A number of years ago, a friend of mine gave me some gorgeous designer clothes her daughter had outgrown. The clothes were sizes 8, 10, 14 and 16. I couldn't imagine a time when Daughter could fit into them. I think she was all of 4 when we received the clothes. Once a year or so, we pull down the box with these fabulous clothes in them and see if Daughter is any closer to fitting into them.
We struck pay dirt this time. There are two gorgeous turtleneck sweaters and a divine suede skirt that Daughter tried on. The sweaters she loved unconditionally. The skirt? She stuck her butt out and said, "Does this make my butt look big?"
[For the record, sticking her back end way out made it look enormous, of course. I mimicked what she did and we managed to put a box of Cuties on my "butt shelf."]
I was flabbergasted at her question. Good Lord, she's only 9. Her growth as of late has been up and up, not out and out. I told her flat out it didn't make it look big at all. And I asked why she'd think that. She said Eldest had told her once that she had a big butt. I called Eldest into the room and asked him if he'd said that. He said he had, a few months ago. I asked him if he thought she did have a big butt. He said he didn't, that he was just kidding because she was bugging him about something, and then he said he was sorry.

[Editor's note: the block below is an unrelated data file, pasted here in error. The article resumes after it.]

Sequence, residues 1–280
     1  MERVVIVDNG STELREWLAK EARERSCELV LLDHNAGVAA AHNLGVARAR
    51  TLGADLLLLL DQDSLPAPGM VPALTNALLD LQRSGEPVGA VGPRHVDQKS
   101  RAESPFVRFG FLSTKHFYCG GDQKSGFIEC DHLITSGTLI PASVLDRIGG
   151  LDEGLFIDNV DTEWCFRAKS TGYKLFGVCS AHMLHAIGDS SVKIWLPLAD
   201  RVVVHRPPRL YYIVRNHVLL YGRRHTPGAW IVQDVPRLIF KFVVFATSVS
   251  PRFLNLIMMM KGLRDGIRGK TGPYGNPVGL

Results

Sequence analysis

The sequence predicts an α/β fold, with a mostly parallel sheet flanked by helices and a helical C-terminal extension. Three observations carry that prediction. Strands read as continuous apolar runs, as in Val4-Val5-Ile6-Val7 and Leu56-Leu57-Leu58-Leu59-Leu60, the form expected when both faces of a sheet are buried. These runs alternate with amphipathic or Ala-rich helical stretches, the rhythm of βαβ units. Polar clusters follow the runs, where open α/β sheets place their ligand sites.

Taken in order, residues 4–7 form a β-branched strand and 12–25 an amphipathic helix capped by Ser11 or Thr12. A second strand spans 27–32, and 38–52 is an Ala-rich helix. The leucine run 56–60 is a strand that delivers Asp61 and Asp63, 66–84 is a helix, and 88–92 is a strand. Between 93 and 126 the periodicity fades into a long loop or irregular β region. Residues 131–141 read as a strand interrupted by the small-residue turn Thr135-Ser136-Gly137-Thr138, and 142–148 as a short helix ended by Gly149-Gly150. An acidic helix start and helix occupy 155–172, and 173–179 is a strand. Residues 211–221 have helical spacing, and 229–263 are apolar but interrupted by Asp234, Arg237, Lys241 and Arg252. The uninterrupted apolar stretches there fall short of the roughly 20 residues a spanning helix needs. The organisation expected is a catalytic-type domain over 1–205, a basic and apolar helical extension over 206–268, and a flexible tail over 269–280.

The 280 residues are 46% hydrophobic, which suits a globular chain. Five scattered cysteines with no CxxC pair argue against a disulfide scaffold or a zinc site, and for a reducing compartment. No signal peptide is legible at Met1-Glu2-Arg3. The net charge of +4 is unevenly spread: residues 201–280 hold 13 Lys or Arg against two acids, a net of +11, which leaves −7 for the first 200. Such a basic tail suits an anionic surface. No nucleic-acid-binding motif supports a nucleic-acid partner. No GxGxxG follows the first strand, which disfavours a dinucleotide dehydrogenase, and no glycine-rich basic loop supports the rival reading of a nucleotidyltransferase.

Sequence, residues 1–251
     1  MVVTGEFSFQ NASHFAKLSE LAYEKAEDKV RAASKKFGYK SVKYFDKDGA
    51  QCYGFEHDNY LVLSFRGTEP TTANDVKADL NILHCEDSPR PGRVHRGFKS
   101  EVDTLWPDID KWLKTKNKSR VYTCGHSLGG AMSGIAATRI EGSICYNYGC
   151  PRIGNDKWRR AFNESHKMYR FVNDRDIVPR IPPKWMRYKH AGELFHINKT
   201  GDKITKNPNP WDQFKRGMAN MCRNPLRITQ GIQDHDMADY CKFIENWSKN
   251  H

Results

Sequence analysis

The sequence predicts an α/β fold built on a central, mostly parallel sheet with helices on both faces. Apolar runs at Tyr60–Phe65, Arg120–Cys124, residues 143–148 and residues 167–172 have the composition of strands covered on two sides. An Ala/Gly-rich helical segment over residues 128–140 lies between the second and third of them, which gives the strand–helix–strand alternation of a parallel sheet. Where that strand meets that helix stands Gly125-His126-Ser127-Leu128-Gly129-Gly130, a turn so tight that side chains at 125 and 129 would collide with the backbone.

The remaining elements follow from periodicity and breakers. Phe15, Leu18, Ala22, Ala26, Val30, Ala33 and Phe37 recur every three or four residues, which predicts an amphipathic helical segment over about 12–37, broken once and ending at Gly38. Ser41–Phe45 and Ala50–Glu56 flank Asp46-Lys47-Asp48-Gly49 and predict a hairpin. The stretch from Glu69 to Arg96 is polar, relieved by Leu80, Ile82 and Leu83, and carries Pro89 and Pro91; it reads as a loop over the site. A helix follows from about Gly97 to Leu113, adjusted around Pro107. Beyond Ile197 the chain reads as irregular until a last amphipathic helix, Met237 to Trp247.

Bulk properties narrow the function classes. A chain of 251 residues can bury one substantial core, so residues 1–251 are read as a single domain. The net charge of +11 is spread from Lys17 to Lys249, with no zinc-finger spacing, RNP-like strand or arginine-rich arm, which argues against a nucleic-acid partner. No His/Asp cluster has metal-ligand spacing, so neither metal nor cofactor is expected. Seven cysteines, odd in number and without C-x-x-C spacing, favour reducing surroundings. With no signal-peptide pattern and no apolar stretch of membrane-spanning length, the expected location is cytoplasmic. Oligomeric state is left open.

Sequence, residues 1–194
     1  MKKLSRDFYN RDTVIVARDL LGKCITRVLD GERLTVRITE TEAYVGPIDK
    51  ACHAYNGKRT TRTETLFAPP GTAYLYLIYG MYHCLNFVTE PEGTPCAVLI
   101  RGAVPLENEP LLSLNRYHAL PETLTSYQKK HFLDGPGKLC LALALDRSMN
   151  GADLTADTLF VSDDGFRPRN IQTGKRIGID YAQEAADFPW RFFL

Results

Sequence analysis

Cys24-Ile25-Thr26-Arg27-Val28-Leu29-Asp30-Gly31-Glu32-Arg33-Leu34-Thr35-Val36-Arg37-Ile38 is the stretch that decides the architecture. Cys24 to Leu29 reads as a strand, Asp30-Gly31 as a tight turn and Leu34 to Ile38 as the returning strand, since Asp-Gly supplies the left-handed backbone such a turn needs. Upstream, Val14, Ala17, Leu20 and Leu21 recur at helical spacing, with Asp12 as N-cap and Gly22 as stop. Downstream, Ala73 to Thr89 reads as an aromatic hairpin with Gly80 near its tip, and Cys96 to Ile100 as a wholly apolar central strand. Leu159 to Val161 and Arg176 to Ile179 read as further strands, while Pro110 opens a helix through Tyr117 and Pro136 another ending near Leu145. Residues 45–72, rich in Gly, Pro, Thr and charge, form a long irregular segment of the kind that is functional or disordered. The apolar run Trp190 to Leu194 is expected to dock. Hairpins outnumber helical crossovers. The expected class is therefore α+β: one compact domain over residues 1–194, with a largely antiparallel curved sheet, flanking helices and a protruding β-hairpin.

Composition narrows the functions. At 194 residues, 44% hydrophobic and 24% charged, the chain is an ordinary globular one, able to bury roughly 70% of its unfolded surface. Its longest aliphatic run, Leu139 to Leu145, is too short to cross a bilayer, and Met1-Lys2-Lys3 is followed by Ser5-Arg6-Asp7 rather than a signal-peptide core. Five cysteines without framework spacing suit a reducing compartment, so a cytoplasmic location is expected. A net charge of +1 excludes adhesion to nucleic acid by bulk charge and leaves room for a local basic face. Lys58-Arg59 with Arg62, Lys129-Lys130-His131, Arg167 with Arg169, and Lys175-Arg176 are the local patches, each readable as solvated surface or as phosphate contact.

She kept looking at herself in the mirror, sticking her butt way out and saying, "It does make my butt look big." No amount of persuasion or mimicry on my part changed her mind. Her brother's admission didn't change her mind. This growing girl-child, hearing one negative comment from her dip of a brother, sucked it in and made it part of her truth.
But it is not truth. It is a lie. It is the lie many of us tell ourselves when we see the fat that doesn't exist. It is the lie that enables many of us to try diet pills and diets and starvation and purging. It is the lie that helps us cut ourselves to try to shed pain. It is the lie we see on billboards and in magazine ads and in the Hollywood stars we're supposed to aspire to be.
This girl-child of mine is fearless. I am in awe of what she will try to do: solo dancing in the school's talent show, acting in a regional kids' theater, taking part in dance recitals, running for student council, always raising her hand to answer any question posed, etc. I want that to continue to be her truth.
The truths set us free. The lies serve only to keep us down.
Here she is in that talent show last month, dancing to the song "Fabulous," having choreographed it herself: